Azokh cave is one of the oldest sites of primordial man in the world. The cave is located at the intersection of the migration routes of man and representatives of the animal world, moving in the Pleistocene era through the Caucasus towards Europe and Asia. Archaeologists note that the territory of the South Caucasus was the most crucial area of ​​human settlement in the Pleistocene and Holocene. Research results indicate the presence in the specified region of different types of hominids. Local excavations make it possible to establish the time of the transition of the Acheulean culture (Early Paleolithic) to the Mousterian and Levallois (a stone industry characteristic of the Middle and Upper Paleolithic). In the Azokh cave, a sensational find was discovered - a fragment of the jaw of a Neanderthal man (only in four places around the world were the remains of a Neanderthal man found). Besides, among the finds, there are also stone tools, fossil remains of flora and fauna, traces of the art of primitive man, and much more. Lighting is carried out in the cave; paths for visitors are laid inside. Archaeological research is ongoing.

Melik Yegan Palace Complex is a vivid illustration of the 18th-century Armenian civil architecture in the village of Togh Hadrut region. Since 2009, archaeological excavations have been carried out here to clear and restore the monument and to further organize the tourist center. In the process of work, various-function buildings dating from the 14th-18th centuries were discovered here, including a two-story building, which probably served as a reception room, stone gates, and two vaulted buildings. Archaeological material consisted of a large number of ceramic products, metal tools, and weapons of local production. Among the finds identified objects from Iran and Central Asia. Of particular historical value is the 22-line inscription located on the portal of the courthouse that has been preserved here. The legend tells about the merits of the powerful Artsakh melik. Melik Yegan received the melik title (princely title) from the Iranian Shah and fought vigorously to preserve the independence of his people. On the territory of the complex, there is a scientific and restoration workshop and museum.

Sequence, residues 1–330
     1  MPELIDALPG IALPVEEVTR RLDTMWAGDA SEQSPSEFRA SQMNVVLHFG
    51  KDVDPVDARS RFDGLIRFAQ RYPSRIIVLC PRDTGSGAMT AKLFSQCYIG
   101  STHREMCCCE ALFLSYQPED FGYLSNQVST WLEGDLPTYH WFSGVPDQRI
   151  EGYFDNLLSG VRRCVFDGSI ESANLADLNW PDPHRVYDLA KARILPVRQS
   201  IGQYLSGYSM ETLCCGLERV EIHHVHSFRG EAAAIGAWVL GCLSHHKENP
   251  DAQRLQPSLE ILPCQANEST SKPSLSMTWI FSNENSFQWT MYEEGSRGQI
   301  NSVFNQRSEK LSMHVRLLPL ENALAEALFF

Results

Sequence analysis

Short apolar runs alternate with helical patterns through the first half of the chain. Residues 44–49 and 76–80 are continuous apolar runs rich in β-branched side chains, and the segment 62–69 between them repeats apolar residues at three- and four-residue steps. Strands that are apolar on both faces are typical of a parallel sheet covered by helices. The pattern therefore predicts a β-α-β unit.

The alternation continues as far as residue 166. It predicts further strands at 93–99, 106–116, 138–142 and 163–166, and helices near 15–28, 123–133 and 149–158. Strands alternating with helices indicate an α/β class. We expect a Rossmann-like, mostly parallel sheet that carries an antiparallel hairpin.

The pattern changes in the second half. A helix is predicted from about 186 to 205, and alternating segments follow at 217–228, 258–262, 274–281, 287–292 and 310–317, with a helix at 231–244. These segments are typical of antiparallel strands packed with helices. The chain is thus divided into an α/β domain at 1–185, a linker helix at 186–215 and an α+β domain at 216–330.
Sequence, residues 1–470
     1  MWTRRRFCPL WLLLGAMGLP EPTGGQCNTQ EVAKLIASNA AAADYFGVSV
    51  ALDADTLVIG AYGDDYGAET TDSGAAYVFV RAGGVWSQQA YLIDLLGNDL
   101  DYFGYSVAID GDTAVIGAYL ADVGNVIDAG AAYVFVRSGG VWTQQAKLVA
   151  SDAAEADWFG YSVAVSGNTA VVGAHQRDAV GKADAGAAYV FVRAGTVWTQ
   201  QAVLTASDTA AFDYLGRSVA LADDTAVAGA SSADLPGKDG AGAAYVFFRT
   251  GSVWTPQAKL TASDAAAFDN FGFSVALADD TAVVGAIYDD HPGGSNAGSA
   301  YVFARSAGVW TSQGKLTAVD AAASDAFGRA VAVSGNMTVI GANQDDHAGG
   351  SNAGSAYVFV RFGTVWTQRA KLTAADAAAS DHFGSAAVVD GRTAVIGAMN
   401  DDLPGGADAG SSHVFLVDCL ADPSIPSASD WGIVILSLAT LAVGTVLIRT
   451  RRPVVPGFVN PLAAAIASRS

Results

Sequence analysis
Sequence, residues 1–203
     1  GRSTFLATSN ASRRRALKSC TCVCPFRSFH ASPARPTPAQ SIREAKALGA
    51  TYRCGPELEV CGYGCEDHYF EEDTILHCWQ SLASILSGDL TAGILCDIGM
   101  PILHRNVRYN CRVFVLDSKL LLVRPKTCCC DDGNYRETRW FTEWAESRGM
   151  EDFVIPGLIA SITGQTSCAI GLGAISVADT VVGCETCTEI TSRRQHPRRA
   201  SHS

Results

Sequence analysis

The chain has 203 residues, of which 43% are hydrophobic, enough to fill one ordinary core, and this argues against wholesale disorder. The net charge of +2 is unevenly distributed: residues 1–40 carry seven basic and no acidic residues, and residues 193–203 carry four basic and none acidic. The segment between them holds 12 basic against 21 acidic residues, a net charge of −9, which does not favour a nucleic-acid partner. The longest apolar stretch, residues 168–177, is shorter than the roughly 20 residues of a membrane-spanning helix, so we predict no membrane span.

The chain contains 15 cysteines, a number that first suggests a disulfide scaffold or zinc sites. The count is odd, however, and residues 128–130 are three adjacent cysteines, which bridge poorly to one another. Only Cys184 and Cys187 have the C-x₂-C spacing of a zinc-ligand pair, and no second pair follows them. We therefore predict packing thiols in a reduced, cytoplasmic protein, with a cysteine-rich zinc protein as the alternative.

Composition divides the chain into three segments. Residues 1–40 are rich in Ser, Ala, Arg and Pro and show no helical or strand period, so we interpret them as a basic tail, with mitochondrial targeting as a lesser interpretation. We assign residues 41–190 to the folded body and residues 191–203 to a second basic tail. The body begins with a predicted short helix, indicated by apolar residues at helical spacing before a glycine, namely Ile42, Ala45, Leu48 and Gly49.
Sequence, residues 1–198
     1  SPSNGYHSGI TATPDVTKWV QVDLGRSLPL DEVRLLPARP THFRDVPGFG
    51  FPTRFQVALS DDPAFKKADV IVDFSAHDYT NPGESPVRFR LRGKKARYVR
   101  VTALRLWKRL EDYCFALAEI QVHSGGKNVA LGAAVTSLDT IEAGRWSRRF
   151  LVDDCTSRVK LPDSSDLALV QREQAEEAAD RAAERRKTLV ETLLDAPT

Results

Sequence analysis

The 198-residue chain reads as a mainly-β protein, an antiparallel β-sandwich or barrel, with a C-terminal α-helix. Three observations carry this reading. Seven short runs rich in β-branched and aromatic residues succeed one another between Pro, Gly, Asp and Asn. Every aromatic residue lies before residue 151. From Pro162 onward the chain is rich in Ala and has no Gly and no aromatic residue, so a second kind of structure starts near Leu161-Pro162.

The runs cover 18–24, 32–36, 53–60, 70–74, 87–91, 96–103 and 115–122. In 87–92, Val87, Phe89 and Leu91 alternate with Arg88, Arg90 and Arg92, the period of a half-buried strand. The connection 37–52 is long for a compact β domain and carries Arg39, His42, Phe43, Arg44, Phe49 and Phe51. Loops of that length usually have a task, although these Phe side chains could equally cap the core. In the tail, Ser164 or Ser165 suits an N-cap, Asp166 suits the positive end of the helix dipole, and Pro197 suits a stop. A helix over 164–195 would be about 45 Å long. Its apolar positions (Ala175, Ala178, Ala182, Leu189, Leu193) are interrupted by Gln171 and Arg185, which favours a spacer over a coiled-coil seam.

Dadivank is a majestic monastery complex, an excellent example of Armenian architecture of the 9th-13th centuries. The complex is located in the Karvachar region at an altitude of 1100 m on the slope of a wooded mountain.

According to legend, the monastery was built over the grave of St. Dadi, a student of the Apostle Thaddeus and a preacher of Christianity in Armenia. Excavations and clearing of the main entrance of the monastery complex were carried out here to identify unknown buildings and architectural details. As a result of the work, the following was discovered: the masonry of the threshold of the gate, the cut indentations of the axes of the double-wing doors and the base of the stone frame of the doorway.

Under the southern facade of the gate, the foundations of a rectangular structure were excavated - the gatekeeper's room, which, in all probability, was attached to the main entrance of the XVI-XVII centuries. Due to the variety of building motifs of secular and church architecture, the sophistication of stone carving, and the beauty of the preserved frescoes, the monastery is recognized as one of the brightest monuments of Armenian medieval architecture.

The church (sanctuary) "Dzhukhtak monastery" is located 1.2 km from the village of Khachen, Askeran region, and is located on a hill towering above the district. A small arched church with remarkably thick walls (preserved walls and spherical overlap of the apse) dates from the 13th century and is worshiped by pilgrims and believers, a sanctuary. As a result of excavations and cleaning up the territory, khachkars, fragments of architectural details, a large number of numerous broken tiles from the XIII-XVII centuries were discovered here. All this can be found in an open exhibition in the territory of the sanctuary.

Astghashen is a village in the Askeran province, where the fossilized remains of ancient organisms were discovered - marine fossil animals in the form of stars. The study of the fossilized remains was started in Astghashen in 2013 by participants in the archaeological expedition of the Azokh cave. Scientists believe that the Astghashen plateau belongs to the Jurassic period. As Russian blogger Igor Shiryaev notes: “Astghashen is extraordinary! It is said that when it rains heavily in Astghashen, they wash away the stars from heaven to earth. Then these stars are directly found on the earth by people, and they make jewelry for their beloved women. This beautiful plot is not entirely fiction. It has a very real basis.”